Byron Shire Council will receive $49,500 in funding to reduce light pollution and help protect the coastal habitat of Australia’s threatened species.
As the coastal population of humans increases, light pollution is a growing threat to wildlife such as turtles and migratory birds.
The Byron Shire Coastal Light Management Plan will develop and implement a prioritised action plan for the sensitive ecological coastal environments it manages.
Minister for the Environment and Water, the Hon Tanya Plibersek said light pollution is increasing each year and is an emerging issue in the field of wildlife conservation.
One of the darkest continents
‘Australia is one of the darkest continents on earth, but light pollution is still impacting our threatened and migratory species. Baby turtles are being prevented from reaching the ocean and birds are struggling to roost and take their first flight.
‘It’s great to see innovative, locally-driven solutions to light pollution that will meet the needs of communities and our threatened wildlife, helping to protect more of what’s precious, repair more of what’s damaged and help manage nature better for the future,’ she said.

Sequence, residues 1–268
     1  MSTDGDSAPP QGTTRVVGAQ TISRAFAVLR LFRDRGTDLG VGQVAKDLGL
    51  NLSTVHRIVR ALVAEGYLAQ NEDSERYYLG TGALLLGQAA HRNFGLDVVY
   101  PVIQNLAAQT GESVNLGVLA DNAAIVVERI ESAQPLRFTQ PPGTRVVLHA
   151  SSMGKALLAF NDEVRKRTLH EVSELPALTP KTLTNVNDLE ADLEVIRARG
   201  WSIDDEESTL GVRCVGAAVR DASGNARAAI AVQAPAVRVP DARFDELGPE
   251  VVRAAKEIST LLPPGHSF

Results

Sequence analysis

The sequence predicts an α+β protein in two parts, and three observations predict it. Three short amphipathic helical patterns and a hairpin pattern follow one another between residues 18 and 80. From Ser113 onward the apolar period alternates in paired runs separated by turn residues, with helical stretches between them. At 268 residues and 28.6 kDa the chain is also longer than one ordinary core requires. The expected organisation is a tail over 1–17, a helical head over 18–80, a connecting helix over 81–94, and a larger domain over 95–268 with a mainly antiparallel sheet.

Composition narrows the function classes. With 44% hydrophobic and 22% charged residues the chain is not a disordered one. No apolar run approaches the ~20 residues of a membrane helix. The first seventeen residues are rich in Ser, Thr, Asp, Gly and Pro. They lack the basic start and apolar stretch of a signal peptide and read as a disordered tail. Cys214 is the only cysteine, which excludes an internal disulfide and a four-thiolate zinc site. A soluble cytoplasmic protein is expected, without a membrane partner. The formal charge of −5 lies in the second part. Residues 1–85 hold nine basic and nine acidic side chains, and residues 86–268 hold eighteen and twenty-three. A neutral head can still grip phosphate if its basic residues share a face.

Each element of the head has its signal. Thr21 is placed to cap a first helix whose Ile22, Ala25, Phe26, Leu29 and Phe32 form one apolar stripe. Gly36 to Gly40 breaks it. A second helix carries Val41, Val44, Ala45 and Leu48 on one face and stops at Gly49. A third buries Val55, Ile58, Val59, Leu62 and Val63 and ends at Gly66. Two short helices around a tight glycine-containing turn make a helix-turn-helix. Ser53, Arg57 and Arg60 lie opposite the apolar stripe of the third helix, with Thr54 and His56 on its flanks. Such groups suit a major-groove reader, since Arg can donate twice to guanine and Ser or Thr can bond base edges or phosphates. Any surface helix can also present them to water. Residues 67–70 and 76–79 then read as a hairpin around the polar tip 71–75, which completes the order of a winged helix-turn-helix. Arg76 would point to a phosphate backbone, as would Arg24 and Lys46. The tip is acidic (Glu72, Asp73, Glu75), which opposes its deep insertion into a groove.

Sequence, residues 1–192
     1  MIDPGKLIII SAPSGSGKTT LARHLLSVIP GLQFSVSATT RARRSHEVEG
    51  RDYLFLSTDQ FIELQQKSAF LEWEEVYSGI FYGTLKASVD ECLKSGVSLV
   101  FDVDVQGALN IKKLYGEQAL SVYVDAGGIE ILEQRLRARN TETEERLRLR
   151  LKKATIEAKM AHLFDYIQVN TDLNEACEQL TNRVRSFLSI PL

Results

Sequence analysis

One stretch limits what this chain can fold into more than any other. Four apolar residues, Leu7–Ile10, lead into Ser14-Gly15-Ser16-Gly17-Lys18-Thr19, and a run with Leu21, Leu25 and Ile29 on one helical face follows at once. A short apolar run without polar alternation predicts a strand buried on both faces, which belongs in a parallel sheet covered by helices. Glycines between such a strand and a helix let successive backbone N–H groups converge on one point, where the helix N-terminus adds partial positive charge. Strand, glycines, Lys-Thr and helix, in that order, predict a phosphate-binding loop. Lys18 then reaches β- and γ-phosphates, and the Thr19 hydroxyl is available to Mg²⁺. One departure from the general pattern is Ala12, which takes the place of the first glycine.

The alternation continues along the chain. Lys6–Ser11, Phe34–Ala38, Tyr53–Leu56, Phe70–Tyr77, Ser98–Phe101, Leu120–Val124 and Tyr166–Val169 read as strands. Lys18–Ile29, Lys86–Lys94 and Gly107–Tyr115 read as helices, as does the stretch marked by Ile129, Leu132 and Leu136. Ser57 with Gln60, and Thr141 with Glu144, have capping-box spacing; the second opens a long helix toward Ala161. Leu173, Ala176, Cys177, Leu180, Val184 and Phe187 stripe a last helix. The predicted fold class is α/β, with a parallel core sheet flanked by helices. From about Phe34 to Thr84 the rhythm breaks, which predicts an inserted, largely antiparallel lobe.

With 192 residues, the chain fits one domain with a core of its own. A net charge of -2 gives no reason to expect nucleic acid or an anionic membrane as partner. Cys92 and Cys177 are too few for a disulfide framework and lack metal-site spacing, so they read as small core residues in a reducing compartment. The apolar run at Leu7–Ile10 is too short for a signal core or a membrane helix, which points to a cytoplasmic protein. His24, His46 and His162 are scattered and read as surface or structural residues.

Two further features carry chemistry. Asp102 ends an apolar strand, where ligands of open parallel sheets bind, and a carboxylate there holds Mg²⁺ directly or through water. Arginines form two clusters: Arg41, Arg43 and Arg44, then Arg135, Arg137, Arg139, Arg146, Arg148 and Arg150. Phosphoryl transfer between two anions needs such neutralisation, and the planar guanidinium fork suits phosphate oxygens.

The plan will assess wild animals and birds that are potentially affected and how they are impacted, review regulatory requirements for lighting in coastal areas, audit existing artificial lighting and identify hotspots, and put in place best practice lighting design principles for lighting infrastructure.
Great diversity of turtles and birds
Member for Richmond, Justine Elliot said Byron Shire residents are fortunate to enjoy loggerhead, green, leatherback, hawksbill and olive ridley turtles in the oceans and beaches surrounding Byron Bay.
‘Our region’s bird diversity is second only to the wet tropics and our coastal wetlands are a food supply for migratory birds from all over the world,’ she added.
‘The Byron Shire supports high numbers of rare or threatened animals and helping them to thrive and survive by reducing light pollution boosts not only our precious environment but our national and international reputation.’
‘This project is part of an investment of over $200,000 to reduce light pollution near our precious threatened species’ coastal habitat,’ Mrs Elliot said.